THERE has been a major escalation of the Bus Éireann strike as rail services ground to a halt in Cork this morning.
The move was described as 'inevitable' by union chiefs in Cork.
The strike action has now spread to Dublin, bringing the capital to a standstill with the cancellation of DART, Dublin Bus and commuter rail services.
All Cork commuter services and Dublin-Cork trains were cancelled first thing this morning too as rail and bus workers commenced secondary picketing at a number of locations.
The pickets have since been lifted this morning with rail services set to resume by lunchtime today.
Irish Rail spokesperson Barry Kenny said the pickets were designed to have maximum impact, coming with no prior warning.
The unofficial strike action is the result of "frustration" among ordinary members, according to union representatives in Cork.
Bus drivers have now entered their eighth day of industrial action in response to cuts to pay and conditions which are essential to the future of the company according to senior management.
John Moloney, Cork bus driver and president of the National Bus and Rail Union (NBRU), said the union has lost control of the situation.
"This is something that was predictable. We are on the eighth day of industrial action," he said.
"This is wildcat action from the ordinary members. Frustrations have boiled over.
"They were prepared to let the union handle the work for so long but the union has lost control of things now."
The escalation of the strike is sure to result in even greater scrutiny for Transport Minister Shane Ross, who has no choice but to intervene according to union reps.
"It has come inside the M50 now - Minister Ross can't ignore it any longer," Mr Moloney said.
"This is hurting the public, this is hurting workers and he can't sit in his ivory tower and ignore it anymore. His department would want to get real."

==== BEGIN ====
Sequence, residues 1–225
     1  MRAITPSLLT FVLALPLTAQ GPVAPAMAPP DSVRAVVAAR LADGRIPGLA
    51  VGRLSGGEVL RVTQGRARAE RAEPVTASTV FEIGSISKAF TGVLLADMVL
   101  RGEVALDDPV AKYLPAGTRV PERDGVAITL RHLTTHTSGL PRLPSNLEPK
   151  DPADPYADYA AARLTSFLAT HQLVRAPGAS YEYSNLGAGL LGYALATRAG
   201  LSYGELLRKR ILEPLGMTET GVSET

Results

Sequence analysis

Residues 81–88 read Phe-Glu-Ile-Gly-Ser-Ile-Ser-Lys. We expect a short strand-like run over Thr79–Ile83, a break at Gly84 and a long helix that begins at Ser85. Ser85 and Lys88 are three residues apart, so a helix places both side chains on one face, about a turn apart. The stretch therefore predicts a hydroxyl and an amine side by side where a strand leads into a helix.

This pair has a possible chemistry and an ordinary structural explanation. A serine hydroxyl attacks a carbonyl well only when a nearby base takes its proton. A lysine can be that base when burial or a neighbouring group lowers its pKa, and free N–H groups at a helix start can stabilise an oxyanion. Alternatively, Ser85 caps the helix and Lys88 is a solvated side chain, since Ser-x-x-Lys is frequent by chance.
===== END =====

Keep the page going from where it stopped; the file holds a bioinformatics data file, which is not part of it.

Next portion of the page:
Mr Moloney said that the general public is still behind the bus workers in their action, despite the growing frustration shown by businesses and members of the public in Cork.
He said, "The public is still backing us, there has been no change there. We are in this for the long haul.
"We have put too much into it to back down now. What they have put in front of us is unsustainable."
Mr Moloney said that the rest of Ireland has been forgotten about by the government.
He called on rural politicians to step up and fight for a resolution to the current dispute.
"You can't walk through Dublin for all the infrastructural upgrades," he said.
"The Luas cross-city, the new Dublin Bus garage land and the DART underground, which will come back on the agenda.
"We are being told that the economy is improving and that there will be more reasons for people to travel. While Dublin prepares for it, the rest of Ireland is being cut. "
Among those set to be hit by the escalation in strike action are rugby fans headed for Thomond Park tomorrow evening.
Munster are set to take on Toulouse in a crunch Champions Cup quarter-final at 5.45pm with thousands expected to travel from Cork for the tie.